Alena Wicker: You’ll Probably Call Her “Doctor” Before You Call Her an Adult
- Alena Wicker is the youngest Black medical school student in U.S. history, according to Essence magazine.
- She was accepted into the University of Alabama at Birmingham’s Heersink School of Medicine.
- Currently a student at Oakwood University, Wicker graduated high school at 12 and aims to be a doctor by 18.
29 July 2022 | Alena Wicker, the 13-year-old phenom attending Oakwood University, can add another impressive accomplishment to her already long list: Youngest Black medical school student in U.S. history, according to Essence magazine.
Wicker was accepted into the Burroughs Wellcome Scholars Early Assurance Program at the University of Alabama at Birmingham’s Heersink School of Medicine, the school confirmed in a statement to CNN.
The program is a partnership between the medical school and HBCU’s (Historically Black Colleges and Universities) across Alabama, and it provides early acceptance to the students who meet the requirements for acceptance and matriculation, according to their website.
“I really want to leave my mark on the world. And lead a group of girls that know what they can do,” said Wicker, as reported by Afrotech.
Sh aims to become a doctor by 18, also according to Afrotech. According to her Instagram post, Wicker graduated high school last year at 12. She is currently a student at both Arizona State University and Oakwood University, earning two separate undergraduate degrees in biological sciences, reported the Washington Post.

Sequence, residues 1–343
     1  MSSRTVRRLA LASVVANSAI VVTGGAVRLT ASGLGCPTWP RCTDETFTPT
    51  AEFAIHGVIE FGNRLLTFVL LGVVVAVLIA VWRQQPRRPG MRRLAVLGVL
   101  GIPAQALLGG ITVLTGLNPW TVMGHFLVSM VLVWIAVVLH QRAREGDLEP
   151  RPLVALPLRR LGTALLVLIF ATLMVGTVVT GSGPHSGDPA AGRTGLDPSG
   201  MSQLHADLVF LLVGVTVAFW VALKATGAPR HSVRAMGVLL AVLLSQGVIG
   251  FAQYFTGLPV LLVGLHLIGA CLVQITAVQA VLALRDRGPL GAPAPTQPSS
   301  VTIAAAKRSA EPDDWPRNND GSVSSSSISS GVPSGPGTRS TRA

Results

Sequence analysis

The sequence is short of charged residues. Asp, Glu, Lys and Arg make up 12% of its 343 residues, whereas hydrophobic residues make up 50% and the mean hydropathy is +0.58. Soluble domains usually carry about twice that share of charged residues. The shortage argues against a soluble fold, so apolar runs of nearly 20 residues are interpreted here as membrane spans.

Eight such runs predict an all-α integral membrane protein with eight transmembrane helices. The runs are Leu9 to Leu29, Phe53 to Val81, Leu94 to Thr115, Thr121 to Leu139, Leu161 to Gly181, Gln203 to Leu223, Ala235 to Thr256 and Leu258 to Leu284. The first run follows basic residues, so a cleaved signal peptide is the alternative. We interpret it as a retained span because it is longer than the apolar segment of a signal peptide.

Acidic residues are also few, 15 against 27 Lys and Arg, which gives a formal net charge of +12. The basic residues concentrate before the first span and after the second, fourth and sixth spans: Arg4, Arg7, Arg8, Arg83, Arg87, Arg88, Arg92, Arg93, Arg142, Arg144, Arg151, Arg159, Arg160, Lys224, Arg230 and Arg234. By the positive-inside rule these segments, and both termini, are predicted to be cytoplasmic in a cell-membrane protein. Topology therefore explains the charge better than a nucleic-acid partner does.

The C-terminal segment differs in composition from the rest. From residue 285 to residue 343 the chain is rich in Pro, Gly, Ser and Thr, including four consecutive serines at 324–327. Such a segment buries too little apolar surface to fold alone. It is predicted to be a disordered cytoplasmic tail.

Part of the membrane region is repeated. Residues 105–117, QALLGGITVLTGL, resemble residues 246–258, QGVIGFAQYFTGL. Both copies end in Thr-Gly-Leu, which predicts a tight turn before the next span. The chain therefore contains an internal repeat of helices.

She also launched her own website, the Brown Stem Girl (BSG), to provide a platform for girls ages 12-19 in STEM. She wanted to create opportunities for girls of color in STEM, and encourage girls of color to major and work in STEM careers.
Wicker came up with the entire business plan for BSG on her own and contacted people who could assist with various aspects of its creation—from graphic designers to larger funding requests to public relations—her mother, Daphne McQuarter, said in an interview with Good Morning America (GMA). And that was all before she turned 12.
Wicker credited much of her success to her mother in an eloquent and emotional Instagram post with the hashtag #MamaIMadeIt.
“MAMA I MADE IT! You always believed in me. You allowed me space to grow and become, make mistakes without making me feel bad. You allowed me the opportunity to experience the world,” Wicker wrote.
“I pray God blesses me so big you never ever have to want for anything in this earthly life. You sacrificed so much for me (people have no idea what we have been through) and here I am while it seems so far away the end of this college chapter is going by so fast. MOMMY I MADE IT!!!!!”
(Photo: Alena Wicker was accepted into medical school at the age of 13, making her the youngest Black medical student in U.S. history, according to Essence magazine. Photo by Alena Wicker via Afrotech.)